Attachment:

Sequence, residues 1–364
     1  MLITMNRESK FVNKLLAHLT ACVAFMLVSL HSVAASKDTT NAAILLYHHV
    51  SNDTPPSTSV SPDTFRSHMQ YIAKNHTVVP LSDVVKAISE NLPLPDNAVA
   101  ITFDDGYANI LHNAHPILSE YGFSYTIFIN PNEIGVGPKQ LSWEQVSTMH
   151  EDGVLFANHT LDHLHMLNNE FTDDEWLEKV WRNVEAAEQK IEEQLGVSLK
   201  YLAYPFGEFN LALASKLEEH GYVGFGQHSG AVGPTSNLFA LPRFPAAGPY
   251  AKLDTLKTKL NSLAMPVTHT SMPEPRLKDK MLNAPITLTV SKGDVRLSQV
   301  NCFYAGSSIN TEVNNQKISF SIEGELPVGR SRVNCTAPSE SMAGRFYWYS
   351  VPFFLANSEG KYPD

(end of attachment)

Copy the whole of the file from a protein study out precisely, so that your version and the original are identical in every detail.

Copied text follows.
Sequence, residues 1–364
     1  MLITMNRESK FVNKLLAHLT ACVAFMLVSL HSVAASKDTT NAAILLYHHV
    51  SNDTPPSTSV SPDTFRSHMQ YIAKNHTVVP LSDVVKAISE NLPLPDNAVA
   101  ITFDDGYANI LHNAHPILSE YGFSYTIFIN PNEIGVGPKQ LSWEQVSTMH
   151  EDGVLFANHT LDHLHMLNNE FTDDEWLEKV WRNVEAAEQK IEEQLGVSLK
   201  YLAYPFGEFN LALASKLEEH GYVGFGQHSG AVGPTSNLFA LPRFPAAGPY
   251  AKLDTLKTKL NSLAMPVTHT SMPEPRLKDK MLNAPITLTV SKGDVRLSQV
   301  NCFYAGSSIN TEVNNQKISF SIEGELPVGR SRVNCTAPSE SMAGRFYWYS
   351  VPFFLANSEG KYPD